W3C home > Mailing lists > Public > www-html@w3.org > March 2003

Re: Encoding of site structure ...

From: David Woolley <david@djwhome.demon.co.uk>
Date: Sat, 8 Mar 2003 20:09:17 +0000 (GMT)
Message-Id: <200303082009.h28K9Hq02290@djwhome.demon.co.uk>
To: www-html@w3.org

> the same meaning (there is no difference in HTML
> between a navigational hyperlink and a "normal" one).

I'm not entirely sure what you mean here, but rel and
rev attributes are allowed in a elements, so you can
sub-class links.

> What are these "external entities"?

The constructs used to include the named character entities into
HTML and XML; if you look at the specification, you will see that
these are actually separate files that get included into the 
DTD (even if they are actually hard coded in real world 
browsers.  As part of the document type definition, you can
specify the names of files that can then be included by using,
for example, "&navigationbar;".  In HTML you are not allowed to
do this in the <!DOCTYPE, but in general SGML and in XML you are
allowed to do so, but non-validating XML browsers aren't currently
required to expand the entities defined in this way.

> - When making a navigation bar from link elements,
> only those pages that are linked to directly from the
> displayed page are accessible. Displaying a complete
> navigation tree is impossible.

What I think you want is the document outline in PDF terms.  Again
this is the result of trying to create a closed compound document
with tools intended for loosely connected nodes.  HTML was designed
as a web language, not a compound document language.  However, I guess
one can create analogues of the various structures used by PDF in
the HTML world.

Incidentally, within a single, large node, proper use of Hn elements
allows the user agent to construct an outline tree; some of the minor
browser do this, an the html2ps tool used to create the PDF versions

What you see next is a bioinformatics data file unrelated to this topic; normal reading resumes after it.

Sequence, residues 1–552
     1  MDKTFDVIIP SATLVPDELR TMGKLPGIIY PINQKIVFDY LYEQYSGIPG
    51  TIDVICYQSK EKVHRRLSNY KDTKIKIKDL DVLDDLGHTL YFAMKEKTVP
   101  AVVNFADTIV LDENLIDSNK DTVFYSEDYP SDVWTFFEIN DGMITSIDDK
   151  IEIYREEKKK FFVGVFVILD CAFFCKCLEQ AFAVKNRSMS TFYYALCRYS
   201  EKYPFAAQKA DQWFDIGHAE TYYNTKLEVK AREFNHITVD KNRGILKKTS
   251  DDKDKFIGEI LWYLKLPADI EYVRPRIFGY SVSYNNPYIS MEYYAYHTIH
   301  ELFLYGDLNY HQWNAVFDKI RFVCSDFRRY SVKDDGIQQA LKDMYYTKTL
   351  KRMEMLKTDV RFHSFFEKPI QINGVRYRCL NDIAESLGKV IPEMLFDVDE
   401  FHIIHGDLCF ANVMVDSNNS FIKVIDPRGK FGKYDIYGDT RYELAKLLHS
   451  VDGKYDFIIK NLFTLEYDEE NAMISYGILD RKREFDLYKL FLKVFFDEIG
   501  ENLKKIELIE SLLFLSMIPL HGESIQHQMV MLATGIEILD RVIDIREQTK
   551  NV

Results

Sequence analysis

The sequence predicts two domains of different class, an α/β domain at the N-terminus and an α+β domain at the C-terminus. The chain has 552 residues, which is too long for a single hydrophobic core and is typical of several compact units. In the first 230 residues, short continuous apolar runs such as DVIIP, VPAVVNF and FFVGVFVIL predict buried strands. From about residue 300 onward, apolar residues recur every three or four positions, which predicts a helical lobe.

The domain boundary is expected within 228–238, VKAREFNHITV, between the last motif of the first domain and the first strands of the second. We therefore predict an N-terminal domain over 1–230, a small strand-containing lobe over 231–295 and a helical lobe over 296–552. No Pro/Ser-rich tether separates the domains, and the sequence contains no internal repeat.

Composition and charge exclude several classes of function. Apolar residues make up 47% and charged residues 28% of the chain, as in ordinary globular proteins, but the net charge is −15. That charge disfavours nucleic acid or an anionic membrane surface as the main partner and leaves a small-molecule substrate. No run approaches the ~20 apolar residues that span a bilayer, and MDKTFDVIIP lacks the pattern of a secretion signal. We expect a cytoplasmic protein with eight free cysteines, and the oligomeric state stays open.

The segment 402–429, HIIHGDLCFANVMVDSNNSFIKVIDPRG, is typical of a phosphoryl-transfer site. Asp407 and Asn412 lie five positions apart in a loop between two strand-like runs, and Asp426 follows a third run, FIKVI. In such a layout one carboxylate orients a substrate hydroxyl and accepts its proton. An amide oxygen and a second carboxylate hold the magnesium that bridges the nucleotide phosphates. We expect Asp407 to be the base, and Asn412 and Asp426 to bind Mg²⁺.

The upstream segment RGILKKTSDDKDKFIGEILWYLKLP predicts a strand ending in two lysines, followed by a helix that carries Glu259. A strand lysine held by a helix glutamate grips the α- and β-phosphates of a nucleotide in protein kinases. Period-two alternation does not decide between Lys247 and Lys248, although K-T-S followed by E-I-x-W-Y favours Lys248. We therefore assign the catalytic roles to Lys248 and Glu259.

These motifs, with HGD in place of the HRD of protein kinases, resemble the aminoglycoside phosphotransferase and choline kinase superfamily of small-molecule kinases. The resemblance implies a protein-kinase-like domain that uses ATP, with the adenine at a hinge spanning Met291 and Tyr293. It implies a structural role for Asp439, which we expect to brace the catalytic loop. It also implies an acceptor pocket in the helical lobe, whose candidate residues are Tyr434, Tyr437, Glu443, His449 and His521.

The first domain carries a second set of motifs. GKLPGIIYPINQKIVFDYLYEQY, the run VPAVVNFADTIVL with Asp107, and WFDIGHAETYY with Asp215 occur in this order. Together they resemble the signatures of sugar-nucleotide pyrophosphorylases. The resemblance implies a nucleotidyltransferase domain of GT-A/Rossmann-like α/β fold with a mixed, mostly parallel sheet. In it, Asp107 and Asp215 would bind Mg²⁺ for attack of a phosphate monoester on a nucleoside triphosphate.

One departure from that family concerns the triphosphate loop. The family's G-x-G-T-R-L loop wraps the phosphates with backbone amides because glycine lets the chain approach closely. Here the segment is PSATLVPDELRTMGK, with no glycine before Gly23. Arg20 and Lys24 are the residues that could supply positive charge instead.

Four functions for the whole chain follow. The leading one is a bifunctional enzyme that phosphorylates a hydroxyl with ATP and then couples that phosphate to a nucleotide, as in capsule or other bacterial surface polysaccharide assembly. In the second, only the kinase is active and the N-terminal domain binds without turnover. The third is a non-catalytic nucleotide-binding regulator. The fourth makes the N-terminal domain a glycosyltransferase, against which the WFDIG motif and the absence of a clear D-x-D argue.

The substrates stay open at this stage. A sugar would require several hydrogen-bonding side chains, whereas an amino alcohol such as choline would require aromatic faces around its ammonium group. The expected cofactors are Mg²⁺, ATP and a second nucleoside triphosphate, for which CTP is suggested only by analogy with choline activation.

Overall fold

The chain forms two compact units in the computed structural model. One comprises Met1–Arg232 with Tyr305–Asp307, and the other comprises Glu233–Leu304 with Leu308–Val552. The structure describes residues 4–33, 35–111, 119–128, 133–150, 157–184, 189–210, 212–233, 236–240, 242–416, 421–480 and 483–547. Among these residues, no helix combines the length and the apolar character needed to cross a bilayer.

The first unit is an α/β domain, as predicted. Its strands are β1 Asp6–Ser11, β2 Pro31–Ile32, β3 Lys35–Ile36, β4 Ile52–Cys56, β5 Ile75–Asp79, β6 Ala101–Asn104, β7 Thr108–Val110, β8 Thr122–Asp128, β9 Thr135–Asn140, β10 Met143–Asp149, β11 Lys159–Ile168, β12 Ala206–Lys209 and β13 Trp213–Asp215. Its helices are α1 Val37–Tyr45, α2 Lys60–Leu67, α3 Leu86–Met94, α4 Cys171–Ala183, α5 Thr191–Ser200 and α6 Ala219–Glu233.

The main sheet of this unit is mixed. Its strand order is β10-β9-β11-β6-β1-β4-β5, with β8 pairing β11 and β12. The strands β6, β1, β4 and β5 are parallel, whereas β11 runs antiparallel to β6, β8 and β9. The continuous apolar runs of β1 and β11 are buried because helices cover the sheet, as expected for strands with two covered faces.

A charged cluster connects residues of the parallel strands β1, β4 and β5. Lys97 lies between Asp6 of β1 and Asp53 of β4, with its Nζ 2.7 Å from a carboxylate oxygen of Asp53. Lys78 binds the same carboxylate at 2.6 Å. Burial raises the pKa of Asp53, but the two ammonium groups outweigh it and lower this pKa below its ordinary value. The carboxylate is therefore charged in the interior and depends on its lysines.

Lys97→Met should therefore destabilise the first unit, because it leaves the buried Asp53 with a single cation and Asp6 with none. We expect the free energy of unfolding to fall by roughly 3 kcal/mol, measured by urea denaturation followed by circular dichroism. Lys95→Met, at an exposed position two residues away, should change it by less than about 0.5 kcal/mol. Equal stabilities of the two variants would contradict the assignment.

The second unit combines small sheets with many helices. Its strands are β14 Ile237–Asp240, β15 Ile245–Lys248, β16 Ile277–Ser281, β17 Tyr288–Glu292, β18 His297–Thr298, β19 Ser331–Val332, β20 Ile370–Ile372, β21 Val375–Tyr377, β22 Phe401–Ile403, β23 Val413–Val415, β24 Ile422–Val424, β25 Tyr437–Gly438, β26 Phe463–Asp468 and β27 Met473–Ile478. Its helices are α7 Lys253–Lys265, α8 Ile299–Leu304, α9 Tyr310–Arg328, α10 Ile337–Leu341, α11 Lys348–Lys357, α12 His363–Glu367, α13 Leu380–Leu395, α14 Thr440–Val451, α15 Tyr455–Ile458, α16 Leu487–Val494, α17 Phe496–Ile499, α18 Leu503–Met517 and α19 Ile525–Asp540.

of the HTML 4.xx specifications does it, meaning that the PDF version
has a proper outline tree without any extra coding.  I'm not sure if
Adobe's HTML to PS tool can do this; the examples I've seen seem to 
be at the file level, when it aggregates documents connected by link
elements.

I suspect one could construct a sideways view of a closed super-node
using an HTML document, and even improve its semantics by using
rel and rev on the links from that node, all using automated tools.

> - User agents _may_ display link elements for
> navigation. This means that the links has to be
> included in the document content too.

Sorry, but this argument contradicts the following paragraph - you
are saying that the browser cannot be trusted, even with style hints,
to display this information without it's being in the content part
of the page, whereas, in the following, you seem to be suggesting that
out of band data could be formatted,.

> And why does it have to be impossible for the authors
> to control the presentation of such navigation bars?
> Does the content of the pages _have_ to be the only
> thing for which authors may provide style sheets?
Received on Saturday, 8 March 2003 15:16:07 GMT

This archive was generated by hypermail 2.2.0+W3C-0.50 : Tuesday, 27 March 2012 18:15:54 GMT